In the vast Namib Desert of Namibia, you will not miss the prickly !Nara plant or Acanthosicyos horridus. The plant’s name comes from the Nama and Damara languages of Namibia. It is pale green in colour and is mainly a shrub, which has no leaves but boasts blooming stunning yellow-to-green flowers.
It is found amid sand dunes, right where the subterranean water lies and is also common around the many rivers that make their way to the Atlantic Ocean in Namibia and southern Angola. It is therefore endemic to the Namib Desert along the west coast.
This plant’s robust thorns protect it from many browsers. Photosynthesis takes place within these thorns and the stem as it has no leaves.
The plant is dioecious, meaning the female and male flowers are on separate plants. The flowers of the female plant have a small swell right below its petals, whereas the flower of the male plant produces striking wax-like yellow-to-green flowers.
Fruits of the plant are spiky melons which are harvested between January to April. They are about 15 centimetres in diameter and weigh on average 1 kilogram. These melons grow between the spiky stems and are highly nutritious, as seeds contain oil and protein.
It is also a remarkable thirst-quencher with a refreshing sweet juicy flavour. It can also be cooked to a pulp as well as eaten as a fruit. It is no wonder that the !Nara melon has been a source of food for the Topnaar ‘?Aonin’ communities of the Kuiseb River for centuries. Additionally, tenebrionid beetles, birds, gemsbok, hyenas, jackals, mice and porcupines take time to delight in this melon. It certainly is considered a delicacy that you and I can nibble on too!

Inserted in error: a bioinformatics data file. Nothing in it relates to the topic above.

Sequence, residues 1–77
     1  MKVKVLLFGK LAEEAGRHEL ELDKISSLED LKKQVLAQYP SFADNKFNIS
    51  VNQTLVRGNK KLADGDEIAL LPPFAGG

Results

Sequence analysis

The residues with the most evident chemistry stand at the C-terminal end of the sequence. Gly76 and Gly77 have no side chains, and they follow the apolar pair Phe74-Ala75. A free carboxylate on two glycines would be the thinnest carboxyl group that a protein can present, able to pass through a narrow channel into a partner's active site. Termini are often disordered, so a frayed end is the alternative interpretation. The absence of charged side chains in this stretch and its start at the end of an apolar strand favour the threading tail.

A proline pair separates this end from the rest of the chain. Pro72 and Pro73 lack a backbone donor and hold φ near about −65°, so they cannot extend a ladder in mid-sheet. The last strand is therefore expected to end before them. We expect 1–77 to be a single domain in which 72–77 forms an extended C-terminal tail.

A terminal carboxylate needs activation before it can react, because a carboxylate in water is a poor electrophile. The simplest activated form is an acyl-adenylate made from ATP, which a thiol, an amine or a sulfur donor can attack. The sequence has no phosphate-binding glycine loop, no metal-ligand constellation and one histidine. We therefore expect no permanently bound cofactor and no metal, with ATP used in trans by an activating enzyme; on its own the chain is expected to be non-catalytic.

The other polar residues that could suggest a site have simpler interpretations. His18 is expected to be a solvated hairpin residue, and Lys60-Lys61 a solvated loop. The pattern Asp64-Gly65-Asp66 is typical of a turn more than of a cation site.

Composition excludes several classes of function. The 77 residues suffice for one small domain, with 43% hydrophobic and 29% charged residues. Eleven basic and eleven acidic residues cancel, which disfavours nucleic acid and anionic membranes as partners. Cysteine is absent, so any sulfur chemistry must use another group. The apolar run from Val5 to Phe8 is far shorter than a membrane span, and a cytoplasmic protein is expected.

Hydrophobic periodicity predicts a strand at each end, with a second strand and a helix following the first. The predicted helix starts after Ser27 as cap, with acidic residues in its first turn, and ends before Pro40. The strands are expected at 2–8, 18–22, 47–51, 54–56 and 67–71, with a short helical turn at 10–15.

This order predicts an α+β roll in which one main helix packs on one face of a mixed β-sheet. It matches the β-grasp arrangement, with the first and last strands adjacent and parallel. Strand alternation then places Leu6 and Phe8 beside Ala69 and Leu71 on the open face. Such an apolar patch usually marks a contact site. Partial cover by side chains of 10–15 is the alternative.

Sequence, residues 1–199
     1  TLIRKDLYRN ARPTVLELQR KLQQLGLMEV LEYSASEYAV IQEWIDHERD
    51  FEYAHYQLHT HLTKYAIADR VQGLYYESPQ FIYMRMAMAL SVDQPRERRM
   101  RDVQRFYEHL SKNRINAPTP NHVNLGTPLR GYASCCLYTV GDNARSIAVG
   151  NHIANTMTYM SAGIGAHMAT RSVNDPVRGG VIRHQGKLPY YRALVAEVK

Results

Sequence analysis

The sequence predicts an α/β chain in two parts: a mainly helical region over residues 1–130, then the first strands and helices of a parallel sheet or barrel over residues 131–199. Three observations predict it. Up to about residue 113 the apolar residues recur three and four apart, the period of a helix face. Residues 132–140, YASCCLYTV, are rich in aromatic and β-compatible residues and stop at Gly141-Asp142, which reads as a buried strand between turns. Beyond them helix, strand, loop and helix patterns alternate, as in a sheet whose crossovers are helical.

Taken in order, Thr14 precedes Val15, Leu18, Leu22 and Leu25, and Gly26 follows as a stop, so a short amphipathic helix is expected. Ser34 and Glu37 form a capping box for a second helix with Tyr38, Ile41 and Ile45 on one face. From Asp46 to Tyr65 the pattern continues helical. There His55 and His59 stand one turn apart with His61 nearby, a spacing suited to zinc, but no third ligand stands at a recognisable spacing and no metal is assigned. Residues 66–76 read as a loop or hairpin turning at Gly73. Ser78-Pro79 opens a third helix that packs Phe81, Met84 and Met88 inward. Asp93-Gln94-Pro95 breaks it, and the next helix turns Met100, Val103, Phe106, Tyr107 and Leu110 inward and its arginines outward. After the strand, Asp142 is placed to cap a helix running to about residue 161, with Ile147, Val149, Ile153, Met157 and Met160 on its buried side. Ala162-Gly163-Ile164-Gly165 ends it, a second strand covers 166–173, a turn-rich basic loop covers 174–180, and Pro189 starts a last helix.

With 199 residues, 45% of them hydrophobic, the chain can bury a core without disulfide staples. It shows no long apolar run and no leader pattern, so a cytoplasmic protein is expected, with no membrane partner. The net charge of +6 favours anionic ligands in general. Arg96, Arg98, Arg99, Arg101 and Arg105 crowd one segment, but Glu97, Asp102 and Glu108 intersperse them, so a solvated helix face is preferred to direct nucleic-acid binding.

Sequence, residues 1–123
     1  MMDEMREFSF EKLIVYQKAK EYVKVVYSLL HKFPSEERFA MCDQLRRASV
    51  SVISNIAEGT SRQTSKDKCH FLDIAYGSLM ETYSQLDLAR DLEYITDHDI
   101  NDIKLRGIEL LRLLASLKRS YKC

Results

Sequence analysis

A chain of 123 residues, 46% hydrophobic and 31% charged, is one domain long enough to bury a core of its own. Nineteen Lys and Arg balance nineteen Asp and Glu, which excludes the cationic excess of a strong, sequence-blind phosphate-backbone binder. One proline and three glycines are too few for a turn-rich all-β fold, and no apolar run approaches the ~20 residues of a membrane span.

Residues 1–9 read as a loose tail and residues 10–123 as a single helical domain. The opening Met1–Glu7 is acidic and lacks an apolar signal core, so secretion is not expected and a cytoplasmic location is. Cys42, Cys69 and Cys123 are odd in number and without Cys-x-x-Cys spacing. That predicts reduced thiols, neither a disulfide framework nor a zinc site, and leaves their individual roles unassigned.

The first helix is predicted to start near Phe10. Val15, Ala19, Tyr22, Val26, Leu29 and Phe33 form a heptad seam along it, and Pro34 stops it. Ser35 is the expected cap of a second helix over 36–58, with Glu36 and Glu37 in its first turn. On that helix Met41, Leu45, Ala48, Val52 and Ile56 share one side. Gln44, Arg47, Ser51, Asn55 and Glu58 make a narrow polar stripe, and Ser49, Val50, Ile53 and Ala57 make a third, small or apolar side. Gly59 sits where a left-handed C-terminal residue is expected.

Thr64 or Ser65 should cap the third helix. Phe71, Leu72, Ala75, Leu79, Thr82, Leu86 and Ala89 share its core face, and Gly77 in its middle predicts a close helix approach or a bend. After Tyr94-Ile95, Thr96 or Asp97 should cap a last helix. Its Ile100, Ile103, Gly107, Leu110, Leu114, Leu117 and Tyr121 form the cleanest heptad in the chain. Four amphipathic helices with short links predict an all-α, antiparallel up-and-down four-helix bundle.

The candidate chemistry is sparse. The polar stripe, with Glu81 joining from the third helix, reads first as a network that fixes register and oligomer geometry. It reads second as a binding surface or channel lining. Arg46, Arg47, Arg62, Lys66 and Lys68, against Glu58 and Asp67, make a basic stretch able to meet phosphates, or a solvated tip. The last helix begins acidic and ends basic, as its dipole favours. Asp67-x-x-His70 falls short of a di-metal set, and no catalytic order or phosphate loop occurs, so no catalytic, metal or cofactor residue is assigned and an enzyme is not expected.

Due to the nutritious value of this plant, it has various uses:
The cold pressed oil contains excellent antioxidants, Omega-6 essential fatty acids as well as vitamins. It is also highly permeable as it moves the essential antioxidants, vitamins and moisture within the hydro lipid layer that covers the skin in order to re-hydrate and restore sensitive skin. Hence, the oil’s essential fatty acids and vitamins are the perfect aid for those with sensitive and dry skin. Perhaps it is the perfect therapy your skin has been longing for?
The oil can also be used as sun screen, massage and tissue lubricant, or to sooth scalps and stimulate healthy hair growth. And with its distinctive and pleasant smell it can be used as food oil, whether in salads or as a vinaigrette to drizzle over your favourite dishes.
If you have used !Nara oil products before? What are some benefits have you experienced? Where else one can find these products? Please share in the comment section below.
Author – I’m Nela, from Windhoek Namibia but born in a small village called Omatunda in northern Namibia. I am passionate about writing, research and photography, as it helps me gain knowledge about people and my country.